Saturday , May 25 2024

The renewable energy transition must be managed carefully

This article was first published here.

Nothing is truly predictable in electoral politics, but the chances of Labour overcoming a record-breaking electoral deficit to win the next general election look much higher than they did three and a half years ago, when Boris Johnson won his Brexit majority.

Sir Keir Starmer, then, is preparing for government by rolling out, little by little, Labour’s policy platform. There’s plenty of comfortable ground, from cutting NHS waiting lists to abolishing non-dom tax status. But one policy area still raises more questions than answers: energy.

In one sense, Labour should have an easy task on their hands. The Conservatives have been in government for thirteen years. In that time, awareness of climate change has increased dramatically. The past year has seen a cost-of-living crisis sparked by skyrocketing energy bills. The slam dunks for the Opposition almost write themselves. The government’s lunch is there for the taking.

Under the surface, though, things are more complex than they seem. Labour must balance various disparate aims under a single energy policy umbrella. Avoiding a repeat of Putin’s winter threats of blackouts is a must, so energy security – not having to rely on imported energy from abroad when shortages hit the market – is non-negotiable.

At the same time, Labour has also staked its flag in creating a ‘greener future’, meaning a Labour government is likely to pick up the baton of the race to net-zero. Fossil fuels are out, renewables are in. The third aim – ‘keeping bills down’ – might be the toughest of them all.

Achieving all these things simultaneously will be no mean feat. Fracking, for example, although helpful for the first aim (energy security) and probably the third (keeping bills down) is inconvenient when chasing the second (net-zero) and therefore off the table. Various tensions like this make policymaking tough for the Opposition.

Labour, then, feels it must build new energy infrastructure within British borders to increase domestic supply and limit household costs, but it can’t invest in fossil fuels. Although Starmer occasionally expresses interest in nuclear power, Labour’s enthusiasm seems to be reserved for wind and solar.

The Conservative government has come under much criticism for its lack of commitment (bar Liz Truss) to allowing onshore wind projects. In 2022, England built just two onshore wind turbines. Starmer seems to be positioning his party to capitalise on this perceived failure. In the run-up to the next general election, he may even offer a numerical commitment for how many onshore wind farms his government will build.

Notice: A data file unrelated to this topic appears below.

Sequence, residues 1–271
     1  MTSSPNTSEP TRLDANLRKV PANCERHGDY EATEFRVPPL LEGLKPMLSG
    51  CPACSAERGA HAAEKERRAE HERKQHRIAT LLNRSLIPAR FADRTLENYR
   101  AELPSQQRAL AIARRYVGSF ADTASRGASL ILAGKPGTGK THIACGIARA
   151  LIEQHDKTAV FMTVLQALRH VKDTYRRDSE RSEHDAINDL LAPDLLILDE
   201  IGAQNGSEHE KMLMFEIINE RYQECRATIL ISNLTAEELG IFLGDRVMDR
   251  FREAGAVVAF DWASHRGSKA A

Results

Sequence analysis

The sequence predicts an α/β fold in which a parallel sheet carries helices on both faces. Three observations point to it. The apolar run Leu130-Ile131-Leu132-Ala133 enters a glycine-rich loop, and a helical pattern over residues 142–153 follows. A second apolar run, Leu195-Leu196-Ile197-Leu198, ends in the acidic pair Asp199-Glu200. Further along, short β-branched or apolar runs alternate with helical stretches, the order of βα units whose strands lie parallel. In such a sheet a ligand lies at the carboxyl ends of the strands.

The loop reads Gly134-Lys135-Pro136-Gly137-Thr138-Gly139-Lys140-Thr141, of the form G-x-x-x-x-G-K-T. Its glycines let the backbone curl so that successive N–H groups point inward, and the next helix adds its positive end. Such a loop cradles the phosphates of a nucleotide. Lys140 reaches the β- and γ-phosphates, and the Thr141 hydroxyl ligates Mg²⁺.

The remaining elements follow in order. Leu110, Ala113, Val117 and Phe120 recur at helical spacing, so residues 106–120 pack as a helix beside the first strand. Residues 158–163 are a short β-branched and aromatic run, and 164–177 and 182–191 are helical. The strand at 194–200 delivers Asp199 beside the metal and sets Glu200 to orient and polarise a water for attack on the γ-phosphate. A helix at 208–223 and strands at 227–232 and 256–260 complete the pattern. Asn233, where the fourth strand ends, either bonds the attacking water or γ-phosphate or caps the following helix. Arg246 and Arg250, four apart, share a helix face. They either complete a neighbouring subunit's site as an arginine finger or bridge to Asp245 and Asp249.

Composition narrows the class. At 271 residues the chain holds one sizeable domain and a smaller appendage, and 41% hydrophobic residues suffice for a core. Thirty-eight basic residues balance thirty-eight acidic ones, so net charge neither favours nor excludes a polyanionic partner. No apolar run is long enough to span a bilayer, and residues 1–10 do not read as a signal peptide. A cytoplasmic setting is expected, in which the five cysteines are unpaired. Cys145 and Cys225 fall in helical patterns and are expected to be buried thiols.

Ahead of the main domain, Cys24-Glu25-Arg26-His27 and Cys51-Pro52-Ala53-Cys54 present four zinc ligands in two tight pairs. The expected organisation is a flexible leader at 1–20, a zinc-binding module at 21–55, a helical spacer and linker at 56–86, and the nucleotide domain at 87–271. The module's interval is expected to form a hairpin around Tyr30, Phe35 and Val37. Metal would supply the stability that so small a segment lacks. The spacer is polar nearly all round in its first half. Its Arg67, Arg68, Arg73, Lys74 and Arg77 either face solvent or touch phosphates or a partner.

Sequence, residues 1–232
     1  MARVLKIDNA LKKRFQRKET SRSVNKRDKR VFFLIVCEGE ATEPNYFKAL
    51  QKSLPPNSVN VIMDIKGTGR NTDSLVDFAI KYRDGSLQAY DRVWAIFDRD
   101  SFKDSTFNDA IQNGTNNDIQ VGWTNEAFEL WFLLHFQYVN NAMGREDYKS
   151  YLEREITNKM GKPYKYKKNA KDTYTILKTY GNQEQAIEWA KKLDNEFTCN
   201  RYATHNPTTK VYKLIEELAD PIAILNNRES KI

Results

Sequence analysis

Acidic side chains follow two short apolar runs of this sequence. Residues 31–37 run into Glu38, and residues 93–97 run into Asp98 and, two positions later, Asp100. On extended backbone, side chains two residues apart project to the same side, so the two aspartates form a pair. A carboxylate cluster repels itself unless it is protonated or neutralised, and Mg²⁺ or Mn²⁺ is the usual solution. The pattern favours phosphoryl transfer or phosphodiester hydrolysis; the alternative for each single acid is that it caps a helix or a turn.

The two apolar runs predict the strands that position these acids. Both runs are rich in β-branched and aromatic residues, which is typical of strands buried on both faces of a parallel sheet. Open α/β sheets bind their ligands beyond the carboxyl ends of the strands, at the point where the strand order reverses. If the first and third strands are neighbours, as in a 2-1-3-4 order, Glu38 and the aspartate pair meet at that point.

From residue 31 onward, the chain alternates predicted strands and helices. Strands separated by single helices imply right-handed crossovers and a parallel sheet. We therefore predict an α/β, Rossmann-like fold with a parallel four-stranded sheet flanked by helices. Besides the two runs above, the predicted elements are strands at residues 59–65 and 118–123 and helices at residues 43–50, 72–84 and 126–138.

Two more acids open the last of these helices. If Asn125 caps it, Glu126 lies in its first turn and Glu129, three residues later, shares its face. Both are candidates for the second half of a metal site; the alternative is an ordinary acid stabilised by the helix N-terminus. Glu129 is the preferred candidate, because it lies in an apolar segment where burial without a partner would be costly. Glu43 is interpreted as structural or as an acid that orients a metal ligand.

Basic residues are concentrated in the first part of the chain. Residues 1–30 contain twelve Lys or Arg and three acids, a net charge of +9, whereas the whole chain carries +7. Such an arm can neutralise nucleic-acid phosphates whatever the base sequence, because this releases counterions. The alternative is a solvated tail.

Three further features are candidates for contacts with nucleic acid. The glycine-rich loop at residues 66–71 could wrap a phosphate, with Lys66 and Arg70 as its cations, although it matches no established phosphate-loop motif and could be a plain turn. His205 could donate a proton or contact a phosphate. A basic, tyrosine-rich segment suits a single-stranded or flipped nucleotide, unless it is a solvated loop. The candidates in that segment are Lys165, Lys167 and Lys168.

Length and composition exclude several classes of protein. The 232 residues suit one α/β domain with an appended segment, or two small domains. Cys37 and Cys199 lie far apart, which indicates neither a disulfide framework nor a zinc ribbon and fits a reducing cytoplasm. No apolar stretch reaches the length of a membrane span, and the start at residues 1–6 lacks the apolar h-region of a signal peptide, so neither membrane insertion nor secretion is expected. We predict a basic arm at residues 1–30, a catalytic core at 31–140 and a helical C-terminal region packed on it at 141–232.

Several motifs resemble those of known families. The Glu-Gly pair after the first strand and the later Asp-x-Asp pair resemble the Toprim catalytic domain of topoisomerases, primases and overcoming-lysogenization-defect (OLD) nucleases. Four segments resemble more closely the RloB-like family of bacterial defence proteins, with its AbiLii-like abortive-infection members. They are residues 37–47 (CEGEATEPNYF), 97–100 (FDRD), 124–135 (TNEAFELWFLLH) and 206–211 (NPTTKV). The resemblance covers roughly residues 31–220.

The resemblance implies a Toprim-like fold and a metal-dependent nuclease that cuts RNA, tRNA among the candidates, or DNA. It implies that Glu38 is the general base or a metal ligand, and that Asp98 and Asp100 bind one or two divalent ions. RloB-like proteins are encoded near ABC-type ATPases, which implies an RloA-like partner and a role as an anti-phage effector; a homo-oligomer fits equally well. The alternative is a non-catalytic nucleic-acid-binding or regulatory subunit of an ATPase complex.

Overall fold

On solar, the wheels are already in motion. Construction recently began on Project Fortress in Kent, the UK’s largest solar farm to date. It joins hundreds of other similar projects across the country, such as a site in Bramley and Silchester, Hampshire, where arable farmland is being signed away to renewable energy companies to build solar farms, even as food inflation worsens.

All these new projects will be expensive. It remains unclear how Starmer will pay for his renewable energy infrastructure spending spree. Even with a beefed-up windfall tax on energy companies, he can only expect to raise a few extra billion. That would be a short-term solution; it would scare innovators and investors away from Britain (more than they already have been) which is far from ideal when shoring up energy security remains essential too.

This is where Labour retreats to comfortable ground: nationalisation. Starmer speaks with great enthusiasm about ‘GB Energy’, his proposed new public energy company. Unfortunately, this solution is unlikely to achieve Labour’s disparate aims on energy policy.

As sadly seems to now be the norm in British politics, GB Energy appears to involve the state taking on greater responsibility (and greater costs) in the short term and adding to the country’s growing debt pile for the long term. That’s very risky and looks set to be very pricey once the tricky practicalities pile up.

Even with a flood of new solar farm projects, for example, we are still at a very early stage in the solar-ification of Britain, a lack of capacity in the energy grid is already putting in-progress solar projects 10-15 years behind schedule (as industry body Solar Energy UK admits). As is the case with most government infrastructure investments, the true cost of switching Britain to wind and solar will be much greater than any upfront headline figure.

Labour is trying to spin too many plates with its energy platform, resulting in a set of policies which is light on detail and lacks long-term planning. As enthusiastic as we may all be about the idea of a green energy revolution in the abstract, constructing a workable plan to execute it when in government is much more difficult than it first seems.

Labour should resist the urge to lunge for green goodies in the short-term without properly considering the long-term costs of the decisions they make when – if – they enter government.

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